Facebook reports new issues with ad-counting tools

A man is silhouetted against a video screen with a Facebook logo as he poses with a Samsung S4 smartphone in this photo illustration taken in the central Bosnian town of Zenica, on Aug 14, 2013.
A man is silhouetted against a video screen with a Facebook logo as he poses with a Samsung S4 smartphone in this photo illustration taken in the central Bosnian town of Zenica, on Aug 14, 2013. PHOTO: REUTERS

SAN FRANCISCO (NYTIMES) - One of Facebook's biggest appeals to advertisers is its wealth of data on the millions of people who use the site daily. Yet the social network recently has come under scrutiny from some of its biggest advertisers for errors in that data.

On Friday (Dec 9), Facebook announced it was fixing three of its ad-measurement tools after it found that several methods it used to describe audience numbers to advertisers were inaccurate.

The disclosure follows other mistakes in advertising measurement from Facebook, a setback for a company that has long prided itself on its sophisticated advertising technology.

In September, Facebook apologised for overstating how it measured video viewership, an important metric for marketers, and in November, the company again noted errors across four of its products.

This time, Facebook said it had inaccurately measured the number of people an advertiser had the potential to reach across the social network. The company is retooling the way it displays reactions to live videos, and is looking into incorrect displays of the number of likes or shares a Facebook post has received when someone is searching for it on a mobile device.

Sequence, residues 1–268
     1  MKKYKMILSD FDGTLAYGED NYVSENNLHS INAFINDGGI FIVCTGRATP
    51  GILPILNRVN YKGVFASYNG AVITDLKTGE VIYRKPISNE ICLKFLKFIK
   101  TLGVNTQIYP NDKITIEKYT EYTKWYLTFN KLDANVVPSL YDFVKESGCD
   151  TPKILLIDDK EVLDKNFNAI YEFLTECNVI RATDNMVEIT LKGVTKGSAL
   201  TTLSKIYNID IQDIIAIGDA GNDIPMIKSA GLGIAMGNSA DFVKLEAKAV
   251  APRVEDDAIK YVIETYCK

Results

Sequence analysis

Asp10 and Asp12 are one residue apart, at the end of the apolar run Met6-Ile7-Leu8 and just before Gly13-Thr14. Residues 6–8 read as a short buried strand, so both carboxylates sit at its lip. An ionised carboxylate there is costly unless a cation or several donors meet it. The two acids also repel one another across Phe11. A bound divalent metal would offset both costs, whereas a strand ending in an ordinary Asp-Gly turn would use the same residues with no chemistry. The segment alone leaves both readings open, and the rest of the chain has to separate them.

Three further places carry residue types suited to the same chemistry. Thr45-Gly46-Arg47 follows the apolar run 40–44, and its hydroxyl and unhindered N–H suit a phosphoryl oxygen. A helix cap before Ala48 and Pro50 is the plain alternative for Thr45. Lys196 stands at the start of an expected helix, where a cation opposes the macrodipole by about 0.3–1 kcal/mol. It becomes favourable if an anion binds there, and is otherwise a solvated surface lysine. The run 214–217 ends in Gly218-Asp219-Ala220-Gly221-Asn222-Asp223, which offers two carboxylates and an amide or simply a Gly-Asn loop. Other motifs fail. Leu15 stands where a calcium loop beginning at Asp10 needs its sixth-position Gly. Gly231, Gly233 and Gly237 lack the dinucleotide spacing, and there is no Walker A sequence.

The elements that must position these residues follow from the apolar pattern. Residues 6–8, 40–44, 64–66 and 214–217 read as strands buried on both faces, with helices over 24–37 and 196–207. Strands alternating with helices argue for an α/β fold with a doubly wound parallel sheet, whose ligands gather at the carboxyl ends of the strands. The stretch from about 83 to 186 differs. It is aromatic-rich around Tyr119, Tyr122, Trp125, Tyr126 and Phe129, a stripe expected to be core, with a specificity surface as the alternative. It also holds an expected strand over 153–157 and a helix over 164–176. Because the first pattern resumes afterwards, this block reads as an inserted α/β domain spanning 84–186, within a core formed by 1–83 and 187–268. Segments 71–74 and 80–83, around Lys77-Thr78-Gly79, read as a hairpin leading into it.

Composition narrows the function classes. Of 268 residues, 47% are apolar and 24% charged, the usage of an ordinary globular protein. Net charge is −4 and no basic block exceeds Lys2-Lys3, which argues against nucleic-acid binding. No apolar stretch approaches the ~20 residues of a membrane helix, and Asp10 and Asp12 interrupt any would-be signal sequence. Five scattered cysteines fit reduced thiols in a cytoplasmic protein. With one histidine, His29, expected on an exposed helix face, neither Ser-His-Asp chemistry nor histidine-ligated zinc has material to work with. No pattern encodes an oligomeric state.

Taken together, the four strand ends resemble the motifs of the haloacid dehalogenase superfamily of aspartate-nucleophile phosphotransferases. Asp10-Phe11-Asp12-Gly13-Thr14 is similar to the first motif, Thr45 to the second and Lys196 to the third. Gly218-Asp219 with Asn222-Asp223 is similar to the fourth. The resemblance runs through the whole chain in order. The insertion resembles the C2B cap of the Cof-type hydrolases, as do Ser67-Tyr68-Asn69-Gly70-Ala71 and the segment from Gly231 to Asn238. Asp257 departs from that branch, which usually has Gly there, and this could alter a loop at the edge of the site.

The errors are not monumental, the company said, and do not involve metrics used to bill advertisers.

In November, Facebook said it would explore more third-party verification of its numbers by working with outside partners. The company will also establish a "measurement council" with trusted partners, something it will provide more details on in the future.

Still, the missteps have given pause to some advertisers and ad buying agencies, many of which have moved more spending to Facebook in the past five years.

Over the first half of 2016, marketers spent US$5.7 billion (S$8.2 billion) on Facebook advertising in the United States, which represented 43 per cent of digital advertising growth domestically, according to estimates from the Interactive Advertising Bureau.

Publicis Media, a major digital advertising buyer, advised clients of the errors in September and called for greater outside oversight of Facebook's measurement practices.

In the months since, Facebook has tried to divulge more information to outsiders in a company blog called Metrics FYI.

"We know how important it is to be open about meaningful updates we make to our metrics," Facebook said in its most recent post.